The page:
Health care practitioners could target Potential Doctor Switchers with print ads. The new AudienceSCAN survey revealed 13.3% of switchers think the best source for health/medical information is magazines, and 8.1% turn to newspapers for this info.
Elements of satisfaction
Many factors can contribute to a positive experience at a doctor’s office, with the doctor’s overall knowledge, training, and expertise topping the list – 83% say this is very important. Majorities also rate the doctor’s ability to access overall medical history (65%) and time spent with the doctor (58%) very important, and many say the same for several aspects of communication: ease of making an appointment (49%), efficient and simple billing process (45%) and ability to communicate with the doctor outside of an appointment, either by phone or email (44%).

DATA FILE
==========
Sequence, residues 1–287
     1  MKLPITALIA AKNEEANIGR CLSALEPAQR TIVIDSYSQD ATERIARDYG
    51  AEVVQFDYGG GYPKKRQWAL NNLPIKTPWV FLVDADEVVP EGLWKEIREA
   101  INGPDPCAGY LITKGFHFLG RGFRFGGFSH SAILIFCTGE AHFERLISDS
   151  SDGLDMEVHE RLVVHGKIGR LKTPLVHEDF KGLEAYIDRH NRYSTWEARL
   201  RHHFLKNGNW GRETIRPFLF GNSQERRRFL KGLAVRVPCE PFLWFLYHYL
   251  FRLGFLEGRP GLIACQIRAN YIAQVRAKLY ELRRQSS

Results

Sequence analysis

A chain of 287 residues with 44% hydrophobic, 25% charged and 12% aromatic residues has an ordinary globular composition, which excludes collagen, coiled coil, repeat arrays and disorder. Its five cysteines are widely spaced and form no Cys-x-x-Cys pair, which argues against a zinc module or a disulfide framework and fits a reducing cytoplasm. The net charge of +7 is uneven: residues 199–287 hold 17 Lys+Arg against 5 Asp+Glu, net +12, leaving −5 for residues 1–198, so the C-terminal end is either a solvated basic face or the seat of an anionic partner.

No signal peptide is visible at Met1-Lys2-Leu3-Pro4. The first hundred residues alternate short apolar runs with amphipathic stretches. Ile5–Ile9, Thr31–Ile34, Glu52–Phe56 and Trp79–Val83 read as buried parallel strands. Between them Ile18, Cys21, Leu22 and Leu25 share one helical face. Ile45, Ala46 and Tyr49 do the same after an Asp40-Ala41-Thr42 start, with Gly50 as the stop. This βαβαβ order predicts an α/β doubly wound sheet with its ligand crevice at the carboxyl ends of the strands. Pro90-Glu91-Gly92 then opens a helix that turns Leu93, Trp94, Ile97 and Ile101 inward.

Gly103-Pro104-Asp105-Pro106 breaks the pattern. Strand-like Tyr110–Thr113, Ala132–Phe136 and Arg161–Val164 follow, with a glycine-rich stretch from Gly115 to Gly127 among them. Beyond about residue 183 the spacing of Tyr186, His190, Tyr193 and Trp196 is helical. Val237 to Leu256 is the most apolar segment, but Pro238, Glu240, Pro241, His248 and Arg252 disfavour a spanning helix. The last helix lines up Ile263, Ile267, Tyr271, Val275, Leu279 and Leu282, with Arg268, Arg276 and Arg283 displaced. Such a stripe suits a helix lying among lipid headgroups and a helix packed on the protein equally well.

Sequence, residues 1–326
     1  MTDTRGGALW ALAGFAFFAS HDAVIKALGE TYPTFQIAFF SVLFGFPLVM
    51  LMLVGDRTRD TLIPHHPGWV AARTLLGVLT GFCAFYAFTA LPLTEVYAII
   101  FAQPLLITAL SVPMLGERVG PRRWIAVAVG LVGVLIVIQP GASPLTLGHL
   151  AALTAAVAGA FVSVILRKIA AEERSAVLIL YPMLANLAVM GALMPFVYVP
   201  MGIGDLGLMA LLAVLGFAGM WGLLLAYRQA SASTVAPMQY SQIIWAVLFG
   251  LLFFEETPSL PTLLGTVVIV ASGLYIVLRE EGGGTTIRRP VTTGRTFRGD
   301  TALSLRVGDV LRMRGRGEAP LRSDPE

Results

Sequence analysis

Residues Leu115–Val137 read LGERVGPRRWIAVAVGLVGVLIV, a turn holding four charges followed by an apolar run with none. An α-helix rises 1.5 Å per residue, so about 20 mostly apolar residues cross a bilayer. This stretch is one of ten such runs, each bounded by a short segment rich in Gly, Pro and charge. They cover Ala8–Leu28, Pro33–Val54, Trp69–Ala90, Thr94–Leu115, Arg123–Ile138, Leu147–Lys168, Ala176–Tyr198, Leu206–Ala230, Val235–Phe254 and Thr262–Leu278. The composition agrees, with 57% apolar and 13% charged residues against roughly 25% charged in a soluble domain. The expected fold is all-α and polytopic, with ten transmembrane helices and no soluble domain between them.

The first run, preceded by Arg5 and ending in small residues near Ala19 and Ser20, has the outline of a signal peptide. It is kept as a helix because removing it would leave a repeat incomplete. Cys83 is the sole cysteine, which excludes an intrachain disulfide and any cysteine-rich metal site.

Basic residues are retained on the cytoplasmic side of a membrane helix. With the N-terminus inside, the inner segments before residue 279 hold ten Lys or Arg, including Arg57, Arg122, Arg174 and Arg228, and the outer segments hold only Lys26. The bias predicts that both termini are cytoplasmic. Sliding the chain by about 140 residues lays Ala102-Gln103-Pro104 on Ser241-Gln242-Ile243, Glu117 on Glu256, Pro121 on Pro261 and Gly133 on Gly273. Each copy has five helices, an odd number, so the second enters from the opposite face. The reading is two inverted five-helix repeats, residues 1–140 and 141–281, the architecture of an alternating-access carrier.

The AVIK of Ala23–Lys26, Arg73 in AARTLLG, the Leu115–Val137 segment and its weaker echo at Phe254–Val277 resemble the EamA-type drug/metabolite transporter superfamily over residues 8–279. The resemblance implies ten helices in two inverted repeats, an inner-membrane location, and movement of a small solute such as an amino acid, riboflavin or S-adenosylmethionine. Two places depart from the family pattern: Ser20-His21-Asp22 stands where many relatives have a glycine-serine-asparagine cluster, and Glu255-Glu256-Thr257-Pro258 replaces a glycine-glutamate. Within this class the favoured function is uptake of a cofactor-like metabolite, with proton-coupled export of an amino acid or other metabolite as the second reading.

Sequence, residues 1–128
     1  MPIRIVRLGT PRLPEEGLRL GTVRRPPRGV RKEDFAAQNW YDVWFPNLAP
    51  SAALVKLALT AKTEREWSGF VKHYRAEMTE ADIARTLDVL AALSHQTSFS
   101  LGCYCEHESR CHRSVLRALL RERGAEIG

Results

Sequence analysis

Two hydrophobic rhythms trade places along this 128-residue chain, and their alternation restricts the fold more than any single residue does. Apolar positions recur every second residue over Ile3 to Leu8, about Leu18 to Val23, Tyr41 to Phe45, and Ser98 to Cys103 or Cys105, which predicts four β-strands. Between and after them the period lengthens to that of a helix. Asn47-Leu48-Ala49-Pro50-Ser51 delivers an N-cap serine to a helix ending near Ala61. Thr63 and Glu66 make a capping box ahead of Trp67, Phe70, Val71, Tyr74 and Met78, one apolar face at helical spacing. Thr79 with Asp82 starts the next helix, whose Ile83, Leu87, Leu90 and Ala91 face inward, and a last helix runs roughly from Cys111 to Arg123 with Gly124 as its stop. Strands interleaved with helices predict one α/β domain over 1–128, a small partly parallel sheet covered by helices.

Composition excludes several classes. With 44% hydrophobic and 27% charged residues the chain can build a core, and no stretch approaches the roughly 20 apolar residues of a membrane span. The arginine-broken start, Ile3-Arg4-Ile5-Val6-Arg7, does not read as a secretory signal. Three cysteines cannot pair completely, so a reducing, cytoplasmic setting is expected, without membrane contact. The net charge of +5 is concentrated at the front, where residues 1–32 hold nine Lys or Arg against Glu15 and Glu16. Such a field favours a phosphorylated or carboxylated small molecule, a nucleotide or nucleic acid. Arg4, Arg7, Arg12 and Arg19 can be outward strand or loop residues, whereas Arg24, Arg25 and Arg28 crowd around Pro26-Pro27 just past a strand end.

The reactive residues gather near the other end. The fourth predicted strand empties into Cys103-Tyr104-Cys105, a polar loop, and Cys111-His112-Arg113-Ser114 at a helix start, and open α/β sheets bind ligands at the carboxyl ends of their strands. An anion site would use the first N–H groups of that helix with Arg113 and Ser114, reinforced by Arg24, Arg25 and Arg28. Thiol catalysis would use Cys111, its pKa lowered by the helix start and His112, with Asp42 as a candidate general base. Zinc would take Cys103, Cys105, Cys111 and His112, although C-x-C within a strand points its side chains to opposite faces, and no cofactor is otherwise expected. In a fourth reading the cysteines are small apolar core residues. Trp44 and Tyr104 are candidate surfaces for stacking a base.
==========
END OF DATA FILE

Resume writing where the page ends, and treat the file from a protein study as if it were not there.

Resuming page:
- Matures are particularly likely, compared to the two youngest cohorts, to say the doctor’s ability to access their overall medical history is very important (75% vs. 66% Gen Xers & 58% Millennials).
One of the often-dreaded aspects of visiting the doctor – the time spent waiting – is a very important factor for 43% of patients to ensure a positive experience. The least important aspects are convenience of the doctor’s office location (40%), minimized paperwork (32%) and appearance and atmosphere of the doctor’s office (31%).
Access to online services increases, but not enough
Doctors’ offices are clearly enhancing patients’ opportunities to interact with the offices online. Since 2012, the number of patients who say their doctor offers a particular online communication service has increased across the board. Most notably, one quarter (25%, up from 17% in 2012) of patients now indicate they have online access to their medical record, including doctor visits, prescriptions, test results and history. Email access to doctors has grown as well, from just 12% of patients indicating they had access in 2012 to one in five (19%) today.
But while access is moving in the right direction, there are still far more patients awaiting these enhancements. Six in ten patients (59%) say they don’t have online access to their medical records but rate it important, and roughly half say the same about being able to reach their doctor via email.